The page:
Tailor-made for wildlife and sports shooters, this third-generation 70–300mm full-frame telezoom in Tamron’s SP line adds Vibration Compensation (VC) plus two innovations: an Ultrasonic Silent Drive (USD) focusing motor for near-silent AF, and an element of what Tamron calls XLD glass, a relatively inexpensive low-dispersion glass that the company claims suppresses chromatic aberration as well as fluorite does. About a 105–450mm equivalent on APS-C-bodies, it’s internal-focusing, with full-time manual focusing, a non-rotating lens barrel, and a new anti-flare coating.
Larger and heavier than similar full-frame, stabilized Nikon and Sigma 70–300mm zooms, it’s about the same size as the comparable Canon, though a few ounces heavier. With hood, it extends to slightly over 9 inches.
Attractively finished with a matte-black barrel and gold accents, the Tamron’s amply-sized focus and zoom rings are ribbed, rubberized, and smooth-turning. The AF on our Nikon D3s was fast, sure, and near-silent. And it has very legible, white-on-black focusing scales.
On the optical bench in the Popular Photography Test Lab, SQF tests of sharpness and contrast revealed Excellent-range numbers at 70mm, Very Good at 200mm, and Good at 300mm—about average for this class.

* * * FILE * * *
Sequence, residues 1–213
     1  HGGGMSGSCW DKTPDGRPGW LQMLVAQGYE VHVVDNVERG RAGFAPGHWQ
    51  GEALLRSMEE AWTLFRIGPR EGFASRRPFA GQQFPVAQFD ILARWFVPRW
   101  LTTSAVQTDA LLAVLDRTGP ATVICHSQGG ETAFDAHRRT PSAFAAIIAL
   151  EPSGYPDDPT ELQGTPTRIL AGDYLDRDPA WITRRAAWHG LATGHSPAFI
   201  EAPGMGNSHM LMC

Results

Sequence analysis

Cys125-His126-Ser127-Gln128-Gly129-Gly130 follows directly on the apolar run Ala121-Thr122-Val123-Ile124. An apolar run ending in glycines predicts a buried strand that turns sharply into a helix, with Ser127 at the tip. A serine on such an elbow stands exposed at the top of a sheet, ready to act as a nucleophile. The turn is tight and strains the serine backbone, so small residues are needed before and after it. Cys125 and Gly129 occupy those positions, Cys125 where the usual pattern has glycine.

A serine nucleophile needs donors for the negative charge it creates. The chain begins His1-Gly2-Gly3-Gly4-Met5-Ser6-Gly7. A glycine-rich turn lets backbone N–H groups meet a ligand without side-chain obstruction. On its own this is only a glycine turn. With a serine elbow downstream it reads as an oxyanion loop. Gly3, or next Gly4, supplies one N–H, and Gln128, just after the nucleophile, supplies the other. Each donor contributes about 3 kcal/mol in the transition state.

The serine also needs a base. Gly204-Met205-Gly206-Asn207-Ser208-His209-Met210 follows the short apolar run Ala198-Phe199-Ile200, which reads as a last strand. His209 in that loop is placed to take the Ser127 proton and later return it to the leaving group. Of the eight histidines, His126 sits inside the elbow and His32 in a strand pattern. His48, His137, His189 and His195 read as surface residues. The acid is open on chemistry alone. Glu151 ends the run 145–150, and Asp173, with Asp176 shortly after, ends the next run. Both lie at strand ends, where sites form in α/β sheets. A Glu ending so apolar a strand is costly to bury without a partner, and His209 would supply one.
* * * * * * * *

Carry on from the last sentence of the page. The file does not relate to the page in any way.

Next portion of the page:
In DxO Analyzer Version 3.2 tests of distortion control, it produced very favorable Imperceptible- and Slight-range distortion, compared with the comparable Canon’s and Nikon’s Slight- and Visible-range showings. (The Tamron and Sigma showed roughly equal distortion control.)
Tamron’s VC also proved itself, giving most testers 4 extra stops of handholdability. This was slightly below the Nikon’s top 4.5 stops, but significantly better than either the Canon or Sigma, which made it only to 2–3 stops. Worth the $50 cost over the Sigma? With its superior stabilization, we say yes.